There are lessons here for players, as every criticism aimed at high status supporting characters applies to any high status character. High status players need to be aware of their privilege and use it to create opportunities for everyone to engage.
A larp is a compressed fiction; it offers a finite amount of playable dramatic space which is shared by all participants. An experienced player should be aware of the space they take up and look for ways to share or cede that space.
Hug Your Antagonist
Antagonists are often written as supporting characters because they perform a one dimensional, one directional, or disposable function. An oppressor may do terrible things to generate game for their victims, but it is hard for the victims to willingly engage with their oppressors outside of this context. Indeed characters who are dangerous and powerful can end up isolated. Their energy is directed at their victims, but beyond that interaction there is little opportunity for them to engage with the story. It is a lonely experience to play the sociopath bully.
It is easier for a supporting character to interact with an antagonistic player character. Perhaps the alibi of being in a supporting role and thus not having to find a good diegetic reason to interact with the antagonists helps. Because supporting characters are not fully in play, they are in a position to notice when a player character is isolated or disconnected from play and can engage with them and bring them back into the fold.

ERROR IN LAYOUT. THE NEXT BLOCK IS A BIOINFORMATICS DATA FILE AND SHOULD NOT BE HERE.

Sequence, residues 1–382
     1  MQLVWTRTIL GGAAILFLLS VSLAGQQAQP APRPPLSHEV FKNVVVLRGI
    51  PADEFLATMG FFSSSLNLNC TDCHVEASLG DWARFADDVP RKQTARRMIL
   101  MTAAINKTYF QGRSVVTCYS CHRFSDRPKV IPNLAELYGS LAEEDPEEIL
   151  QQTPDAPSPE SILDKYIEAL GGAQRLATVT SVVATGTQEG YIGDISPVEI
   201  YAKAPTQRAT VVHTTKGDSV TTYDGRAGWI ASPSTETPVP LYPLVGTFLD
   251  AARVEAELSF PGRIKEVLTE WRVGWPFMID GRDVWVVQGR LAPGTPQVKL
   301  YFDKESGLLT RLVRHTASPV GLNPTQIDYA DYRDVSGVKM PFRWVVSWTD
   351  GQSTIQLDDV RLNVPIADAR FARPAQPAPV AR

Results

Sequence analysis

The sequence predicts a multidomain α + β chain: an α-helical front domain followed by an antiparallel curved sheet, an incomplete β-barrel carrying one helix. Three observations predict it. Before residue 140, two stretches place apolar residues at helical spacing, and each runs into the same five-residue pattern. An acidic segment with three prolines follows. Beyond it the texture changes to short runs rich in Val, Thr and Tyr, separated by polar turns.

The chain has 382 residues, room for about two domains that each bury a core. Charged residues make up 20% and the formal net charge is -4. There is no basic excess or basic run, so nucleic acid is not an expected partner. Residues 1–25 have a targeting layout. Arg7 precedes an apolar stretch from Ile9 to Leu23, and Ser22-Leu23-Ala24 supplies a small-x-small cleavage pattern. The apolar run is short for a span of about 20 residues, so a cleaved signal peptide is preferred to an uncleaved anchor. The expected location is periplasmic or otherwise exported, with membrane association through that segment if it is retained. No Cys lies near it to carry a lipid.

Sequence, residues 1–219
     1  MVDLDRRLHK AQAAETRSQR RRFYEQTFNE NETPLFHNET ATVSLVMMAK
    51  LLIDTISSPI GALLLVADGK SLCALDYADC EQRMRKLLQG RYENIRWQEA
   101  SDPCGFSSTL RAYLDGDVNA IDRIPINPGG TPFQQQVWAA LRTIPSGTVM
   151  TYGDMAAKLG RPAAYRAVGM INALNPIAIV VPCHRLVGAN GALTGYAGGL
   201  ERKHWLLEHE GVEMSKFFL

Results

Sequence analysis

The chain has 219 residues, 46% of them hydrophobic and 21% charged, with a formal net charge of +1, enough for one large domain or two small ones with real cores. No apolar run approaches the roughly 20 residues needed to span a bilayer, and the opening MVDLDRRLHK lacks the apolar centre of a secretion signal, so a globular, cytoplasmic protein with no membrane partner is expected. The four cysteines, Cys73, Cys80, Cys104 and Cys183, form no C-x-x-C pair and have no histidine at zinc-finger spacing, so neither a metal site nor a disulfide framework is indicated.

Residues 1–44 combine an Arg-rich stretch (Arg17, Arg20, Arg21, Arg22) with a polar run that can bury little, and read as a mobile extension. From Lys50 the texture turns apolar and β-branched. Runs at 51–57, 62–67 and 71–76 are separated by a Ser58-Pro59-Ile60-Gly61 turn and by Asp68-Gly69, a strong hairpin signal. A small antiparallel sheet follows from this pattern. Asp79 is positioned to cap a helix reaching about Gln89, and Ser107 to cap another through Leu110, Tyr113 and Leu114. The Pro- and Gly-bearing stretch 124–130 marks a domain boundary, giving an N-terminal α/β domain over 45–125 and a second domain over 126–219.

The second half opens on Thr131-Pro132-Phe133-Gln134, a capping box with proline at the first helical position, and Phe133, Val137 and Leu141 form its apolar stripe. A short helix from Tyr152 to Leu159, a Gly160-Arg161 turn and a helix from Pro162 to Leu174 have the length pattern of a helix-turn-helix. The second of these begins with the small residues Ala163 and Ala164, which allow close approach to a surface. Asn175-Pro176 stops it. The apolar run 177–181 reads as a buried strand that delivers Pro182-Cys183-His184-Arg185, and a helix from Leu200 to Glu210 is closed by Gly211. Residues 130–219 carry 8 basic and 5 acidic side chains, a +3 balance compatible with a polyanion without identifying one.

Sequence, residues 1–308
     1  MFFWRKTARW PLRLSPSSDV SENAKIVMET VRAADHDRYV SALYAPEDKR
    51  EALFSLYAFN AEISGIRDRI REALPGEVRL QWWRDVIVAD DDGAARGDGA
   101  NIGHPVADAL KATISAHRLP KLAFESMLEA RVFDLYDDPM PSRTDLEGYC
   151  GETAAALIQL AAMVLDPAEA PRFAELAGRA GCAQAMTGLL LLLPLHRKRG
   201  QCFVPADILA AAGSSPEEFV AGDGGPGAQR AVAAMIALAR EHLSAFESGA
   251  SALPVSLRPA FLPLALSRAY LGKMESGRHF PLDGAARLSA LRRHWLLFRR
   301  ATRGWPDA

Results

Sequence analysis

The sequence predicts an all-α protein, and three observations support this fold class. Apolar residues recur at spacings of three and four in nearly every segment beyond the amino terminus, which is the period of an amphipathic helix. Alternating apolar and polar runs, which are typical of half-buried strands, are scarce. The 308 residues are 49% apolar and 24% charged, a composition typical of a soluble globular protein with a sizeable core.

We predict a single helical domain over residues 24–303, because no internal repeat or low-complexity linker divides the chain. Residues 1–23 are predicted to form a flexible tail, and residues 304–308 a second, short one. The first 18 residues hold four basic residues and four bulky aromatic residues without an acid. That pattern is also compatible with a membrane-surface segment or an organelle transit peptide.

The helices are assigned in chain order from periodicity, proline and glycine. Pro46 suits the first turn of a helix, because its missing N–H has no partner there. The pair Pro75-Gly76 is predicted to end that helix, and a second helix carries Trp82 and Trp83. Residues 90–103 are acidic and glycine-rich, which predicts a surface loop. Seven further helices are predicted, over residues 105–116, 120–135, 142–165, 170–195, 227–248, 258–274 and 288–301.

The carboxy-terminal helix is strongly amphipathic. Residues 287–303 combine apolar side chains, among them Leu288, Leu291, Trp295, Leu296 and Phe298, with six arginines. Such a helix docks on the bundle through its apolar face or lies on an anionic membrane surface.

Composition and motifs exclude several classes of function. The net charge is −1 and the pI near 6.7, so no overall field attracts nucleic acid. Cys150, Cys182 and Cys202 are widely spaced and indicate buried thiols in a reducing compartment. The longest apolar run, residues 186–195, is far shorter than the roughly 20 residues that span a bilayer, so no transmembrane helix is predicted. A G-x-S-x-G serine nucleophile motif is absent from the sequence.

Recognising the narrative labour carried out by antagonistic co-players is important. Players can engineer interactions with characters who are awful, without expecting awfulness or oppression in return. If we fail to do this, we are treating our antagonist as a supporting character, not a co-player.
Some players are willing to interrupt what they consider to be a non-dramatic scene in order to inject their own drama, or to further their own play. Supporting characters sometimes adopt the “nothing is more important than the player I am talking to right now” technique; this is a strictly serial order of interaction — essentially a queue — which means that they will always finish the scene or conversation they are having before moving on. The news that another character is bringing might be important to your larp, but it is not as important as the play you are having right now.
Creating an Accessible Character
A well designed supporting character heuristic is to always engage, to always make play, to always have a conversation. Supporting characters tend to accept invitations to play more easily than some player characters (or some players.) This is the most important lesson we can learn from supporting characters: to always find a reason to engage, to initiate play, and to offer other players alibi to engage with you.